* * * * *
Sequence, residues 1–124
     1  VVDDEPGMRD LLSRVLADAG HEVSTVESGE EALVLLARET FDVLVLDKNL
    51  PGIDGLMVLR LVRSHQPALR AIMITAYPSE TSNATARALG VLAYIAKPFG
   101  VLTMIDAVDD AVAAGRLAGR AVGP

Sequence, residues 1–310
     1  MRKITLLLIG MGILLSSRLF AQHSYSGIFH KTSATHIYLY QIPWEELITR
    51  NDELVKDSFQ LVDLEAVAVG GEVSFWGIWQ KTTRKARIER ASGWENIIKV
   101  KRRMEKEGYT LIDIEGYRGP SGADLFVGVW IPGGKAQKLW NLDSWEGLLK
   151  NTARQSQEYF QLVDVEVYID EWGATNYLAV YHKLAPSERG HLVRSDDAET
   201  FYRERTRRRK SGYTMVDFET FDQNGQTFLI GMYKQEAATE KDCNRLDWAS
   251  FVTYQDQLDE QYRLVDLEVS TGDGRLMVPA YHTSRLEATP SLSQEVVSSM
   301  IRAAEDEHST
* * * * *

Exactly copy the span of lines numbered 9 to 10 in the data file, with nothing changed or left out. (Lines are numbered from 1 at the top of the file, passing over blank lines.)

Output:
   151  NTARQSQEYF QLVDVEVYID EWGATNYLAV YHKLAPSERG HLVRSDDAET
   201  FYRERTRRRK SGYTMVDFET FDQNGQTFLI GMYKQEAATE KDCNRLDWAS